At the bone marrow, perivascular cuffs and meningitis can occasionally occur (Seiler et al. 1981; Pimentel, 2009).
Surra has an incubation period of 5 to 60 days and can be an acute, subacute or choric disease; horses will normally die rapidly, but in some cases, clinical signs may persist for months or they can carry T. evansi subclinically (ver como citar3).
Common clinical signs include weight loss or wasting, lethargy, enlargement of lymph nodes, edema of hind limbs and distal parts of the body, fever and anemia (Berlin, Loeb & Baneth, 2009; Seiler et al., 1981; Rodrigues, 2006). The increase on the parasitemia is followed by a peak of fever, which can be as high as 44o C (Gill, 1977).
Skin issues can also be observed as rash, urticarial plaques and loss of hair. Petechial hemorrhages of the mucous membrane (eyelids, nostrils and anus) are described too (VER COMO CITAR 1, 2 E 3). Besides that, other symptoms have been reported in horses, such as infertility, abortions and/or stillbirths (ver como citar 3).
Neurological symptoms occur in advanced cases, where the protozoa invade the central nervous system (Brun et al., 1998; VER COMO CITAR 3). This fact is responsible for lameness and is characterized by reluctance to move, ataxia, weakness, incoordination, paresis of the pelvic members, paraplegia and horses can adopt dog-sitting position (Rodrigues, 2006). Other neurological signs such as head tilting, circling, hyperexcitability, blindness, proprioceptive deficits and paddling movements have also been seen (ver como citar 3).
Anemia, which is usually microcytic normochromic (Silva et al., 1995), is the main outcome of infection and consequently, the resistance to develop it, as well as control of parasitemia, reflect the degree of tolerance to infection by the host (Trail et al., 1990). Development of several erythrocytes abnormalities have been reported (Silva et al., 1995). Immunosuppression is one of the consequences of the disease (Holmes, 1980) due to mild leukopenia with relative lymphocytosis and monocytosis and a decrease in the neutrophil count (Silva et al., 1995).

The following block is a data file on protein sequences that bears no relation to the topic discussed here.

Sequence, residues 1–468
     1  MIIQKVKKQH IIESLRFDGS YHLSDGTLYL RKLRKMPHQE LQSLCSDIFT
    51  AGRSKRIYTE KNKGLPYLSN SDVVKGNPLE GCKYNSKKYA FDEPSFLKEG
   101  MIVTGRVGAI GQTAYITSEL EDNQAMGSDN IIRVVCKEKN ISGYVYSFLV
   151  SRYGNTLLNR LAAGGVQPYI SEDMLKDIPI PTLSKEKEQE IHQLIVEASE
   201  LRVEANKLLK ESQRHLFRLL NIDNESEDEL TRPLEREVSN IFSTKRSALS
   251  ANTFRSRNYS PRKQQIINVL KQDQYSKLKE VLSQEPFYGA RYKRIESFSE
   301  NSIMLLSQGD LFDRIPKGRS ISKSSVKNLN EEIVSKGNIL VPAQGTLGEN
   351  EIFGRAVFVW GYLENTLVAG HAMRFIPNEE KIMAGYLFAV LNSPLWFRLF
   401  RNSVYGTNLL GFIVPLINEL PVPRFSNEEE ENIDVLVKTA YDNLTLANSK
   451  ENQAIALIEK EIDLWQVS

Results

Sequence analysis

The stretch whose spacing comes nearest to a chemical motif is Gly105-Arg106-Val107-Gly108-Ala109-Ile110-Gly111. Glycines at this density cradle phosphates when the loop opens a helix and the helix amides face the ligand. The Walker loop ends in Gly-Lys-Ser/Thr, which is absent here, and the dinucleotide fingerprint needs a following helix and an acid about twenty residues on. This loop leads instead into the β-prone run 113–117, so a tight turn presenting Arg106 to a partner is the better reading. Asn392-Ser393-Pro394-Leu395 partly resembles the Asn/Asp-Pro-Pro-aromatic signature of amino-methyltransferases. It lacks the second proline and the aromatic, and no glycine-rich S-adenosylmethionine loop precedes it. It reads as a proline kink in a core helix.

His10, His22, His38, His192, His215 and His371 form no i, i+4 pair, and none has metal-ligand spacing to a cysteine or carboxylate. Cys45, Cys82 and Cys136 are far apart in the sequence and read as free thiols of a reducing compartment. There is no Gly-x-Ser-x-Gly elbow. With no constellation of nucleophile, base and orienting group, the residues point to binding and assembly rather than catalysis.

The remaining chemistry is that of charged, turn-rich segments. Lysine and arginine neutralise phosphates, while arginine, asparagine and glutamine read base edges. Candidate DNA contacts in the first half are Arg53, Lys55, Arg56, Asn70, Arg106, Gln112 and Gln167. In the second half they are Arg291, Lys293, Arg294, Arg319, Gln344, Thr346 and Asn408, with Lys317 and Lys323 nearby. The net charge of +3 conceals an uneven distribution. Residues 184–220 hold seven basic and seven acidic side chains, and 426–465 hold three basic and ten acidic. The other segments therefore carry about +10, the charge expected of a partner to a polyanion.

Diagnosis of Trypanosoma evansi is based on demonstrating either the parasite or parasite antigens, or antibodies directed against the trypanosomes (Brun et al., 1998).
Identification of the agent can be made by direct microscopic examination in blood samples, wet blood films, stained thick smears, stained thin smears, lymph node biopsies or edema fluid. However it can be difficult to find T. evansi in the samples, especially in mild or subclinical cases (ver como citar 2 e 3), in this case detection can be improved with parasite concentration techniques including mini axon-exchange chromatography, hemolysis methods that use sodium dodecyl sulphate to destroy erythrocytes and by hematocrit centrifugation or the dark-ground/phase-contrast buffy coat technique.
Circulating antigen detection in blood serum is also a way to detect active infection, these methods include latex agglutination, enzyme-linked immunosorbent assays (ELISAs) and immunochemistry. Several attempts to develop such tests have not yet reached a satisfactory level to be recommended for routine diagnosis (Desquesnes, 1996); the absence of circulating trypanosome cannot exclude the possibility of a true infection (Rodriguez et al., 2012). Therefore detection of trypanosomal DNA using polymerase chain reaction is more sensitive than parasitological examination, but it can also give false-negative results when the parasitemia is low (Rodriguez et al., 2012).
Animal inoculation studies in rats or mice may occasionally be used to diagnose the parasite. These tests are very sensitive and can detect low levels of trypanosome, but they are also time consuming (ver como citar2).